When Stephen Harper appointed Richard Wagner to the Supreme Court in 2012, the media described him as a “small-C conservative.” He was the son of Claude Wagner, they noted, who was at one time Quebec premier Robert Bourassa’s “tough … law-and-order attorney general,” and at another time a Tory MP who narrowly lost the party’s 1976 leadership race to Joe Clark. (They also noted he is a man, which temporarily threw the nine-member court’s gender parity out of whack.)
At Wagner’s hearing before MPs, the Toronto Star reported, he “drew a clear line between the work of judges, which he said is to interpret laws, and that of parliamentarians, which is to make laws” — something for conservatives to cheer, perhaps, and perhaps something for liberals to fear. Progressive Canadians place much stock in the courts’ guidance on Charter issues, and in recent years that guidance has been music to their ears — on same-sex marriage, prostitution and many other issues. But Wagner also made clear that, like most Canadian jurists, he sees the Charter of Rights and Freedoms as a living, breathing document, not one frozen in amber.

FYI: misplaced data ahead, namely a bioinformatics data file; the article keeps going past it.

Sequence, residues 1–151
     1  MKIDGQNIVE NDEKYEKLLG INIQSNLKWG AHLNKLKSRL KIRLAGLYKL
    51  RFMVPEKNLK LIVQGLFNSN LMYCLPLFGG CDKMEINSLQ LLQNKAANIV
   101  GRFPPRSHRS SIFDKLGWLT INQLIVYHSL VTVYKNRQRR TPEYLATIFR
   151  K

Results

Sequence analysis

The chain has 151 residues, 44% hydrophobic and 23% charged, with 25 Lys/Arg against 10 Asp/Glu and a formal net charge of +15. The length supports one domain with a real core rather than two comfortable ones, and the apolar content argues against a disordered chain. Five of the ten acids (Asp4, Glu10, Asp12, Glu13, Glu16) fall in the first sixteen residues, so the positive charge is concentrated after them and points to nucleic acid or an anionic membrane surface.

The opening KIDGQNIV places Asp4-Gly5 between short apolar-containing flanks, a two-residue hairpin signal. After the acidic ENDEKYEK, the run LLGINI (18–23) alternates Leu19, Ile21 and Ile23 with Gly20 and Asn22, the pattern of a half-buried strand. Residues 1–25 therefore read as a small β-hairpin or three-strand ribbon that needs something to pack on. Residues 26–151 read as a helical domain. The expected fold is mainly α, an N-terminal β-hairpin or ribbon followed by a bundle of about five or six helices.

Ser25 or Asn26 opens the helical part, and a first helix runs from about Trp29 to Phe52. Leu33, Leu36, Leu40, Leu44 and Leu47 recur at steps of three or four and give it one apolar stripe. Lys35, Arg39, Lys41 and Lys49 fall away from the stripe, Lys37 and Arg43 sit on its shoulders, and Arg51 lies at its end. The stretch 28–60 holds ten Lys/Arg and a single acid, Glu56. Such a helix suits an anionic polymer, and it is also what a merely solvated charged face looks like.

That wasn’t such good news for conservatives. There hasn’t been much good news for conservatives at the Supreme Court in a long time.